Six Ways to Incorporate Running into Your Busy Schedule
Written by Brynn Elson
“If you join the cross-country team, I’ll buy you an iPhone,” my mom said.
I snapped my head up from the book I was reading. “Are you serious?” I said, wincing as I rubbed my neck (I might have given myself excitement-induced whiplash). The prospect of replacing my archaic phone (the original, “vintage,” Samsung Galaxy S) with a flashy iPhone was tempting.
I started running because my mom bribed me, but the gift of running turned out to be much more valuable than the gift of the iPhone she promised me. (It’s also worth noting that my mom didn’t fulfill her end of the deal for more than a year after I joined cross-country.)
I’m lucky. Because I was part of my high school’s cross-country team, I built a consistent running habit simply by following my coach’s directions. In the off-seasons and the years since I’ve left the team, however, I’ve had to learn how to maintain my running habit. Here are six tips that have kept me consistent for six years and counting.
1. Know yourself.
Are you a morning person? I am, and I live for the summer days when the sun rises before 7 a.m. There’s nothing quite like waking up before the rest of the world and pounding the pavement as the sun comes up.
If you’re not an early bird, don’t worry! You can run at any time of day. Maybe you know that an afternoon run relieves post-class stress. Or maybe you’re like one of my friends who runs on the dorm treadmill at 10 at night. Find a time that works for you!
2. Keep a consistent schedule.
This point kind of springboards off the last one: designate a regular time to work out. In the spring, summer, and fall, I run first thing in the morning. When the weather shifts, my schedule shifts too: during the winter, when it’s too dark and cold to run before my morning classes, I run in the afternoons (as soon as my last class is over).
Because I place such high priority on my daily runs, I schedule everything else around them. This helps me maintain consistency. Other parts of my schedule might change, but I’ll always find time to go for a run.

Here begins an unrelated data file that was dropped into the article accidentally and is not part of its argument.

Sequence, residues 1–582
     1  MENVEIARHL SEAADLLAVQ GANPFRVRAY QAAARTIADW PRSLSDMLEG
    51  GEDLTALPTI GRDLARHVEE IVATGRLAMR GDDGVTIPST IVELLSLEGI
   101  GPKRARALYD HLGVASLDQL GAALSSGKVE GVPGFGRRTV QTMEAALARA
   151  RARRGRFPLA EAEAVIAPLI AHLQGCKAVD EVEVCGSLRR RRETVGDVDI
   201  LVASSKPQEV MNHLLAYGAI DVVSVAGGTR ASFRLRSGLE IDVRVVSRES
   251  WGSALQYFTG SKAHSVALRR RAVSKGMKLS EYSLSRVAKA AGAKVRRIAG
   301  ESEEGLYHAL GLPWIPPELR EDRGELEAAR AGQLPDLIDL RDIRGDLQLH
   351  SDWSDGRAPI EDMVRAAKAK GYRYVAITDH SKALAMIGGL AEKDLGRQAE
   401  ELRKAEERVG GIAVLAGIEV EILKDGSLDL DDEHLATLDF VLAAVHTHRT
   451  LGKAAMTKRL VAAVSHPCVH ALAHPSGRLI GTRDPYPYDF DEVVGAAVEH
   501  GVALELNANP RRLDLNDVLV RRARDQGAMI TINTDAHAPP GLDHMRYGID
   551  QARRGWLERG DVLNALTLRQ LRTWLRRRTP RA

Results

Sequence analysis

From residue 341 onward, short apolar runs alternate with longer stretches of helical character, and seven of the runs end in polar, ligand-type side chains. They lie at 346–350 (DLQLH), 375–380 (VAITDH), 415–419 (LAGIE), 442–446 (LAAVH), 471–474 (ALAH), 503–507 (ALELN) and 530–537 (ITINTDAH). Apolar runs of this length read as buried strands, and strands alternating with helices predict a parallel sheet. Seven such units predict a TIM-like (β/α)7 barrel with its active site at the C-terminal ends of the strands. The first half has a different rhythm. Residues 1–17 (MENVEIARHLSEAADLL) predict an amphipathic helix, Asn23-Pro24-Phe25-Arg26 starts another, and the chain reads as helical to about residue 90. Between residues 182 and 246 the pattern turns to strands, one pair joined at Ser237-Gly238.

3. Find a running buddy.
If you commit to regular runs with another person, you’re both more likely to follow through. Find a friend who also wants to start a running habit, and set a recurring time to work out together. Added bonus: this is a great way to socialize with someone or get closer with a friend.
4. Mix things up.
Variation in workouts not only makes things more exciting, it makes you fitter. If you’ve been part of a cross-country or track team in the past, you know that weekly schedules typically include a speed workout and a long run. You don’t have to train like an elite to adopt this principle. Just think about running something other than the same four-mile route every day.
Here are some ways to mix up your workout routine:
- Hill sprints: Very simple: Run up a hill. Jog down. Repeat.
- Long run: My personal favorite, and a self-explanatory one—run longer than you normally do!
- Fartlek: Alternate between sprinting, jogging, and walking. Change up the intervals for all kinds of lung-stabbing fun!
- Repeats: The most painful (but one of the most rewarding) workouts—pick a distance, and run it multiple times (for example, run an 800-meter dash four times). Vary the distance and the number of reps according to your fitness level and the distance you’re training for.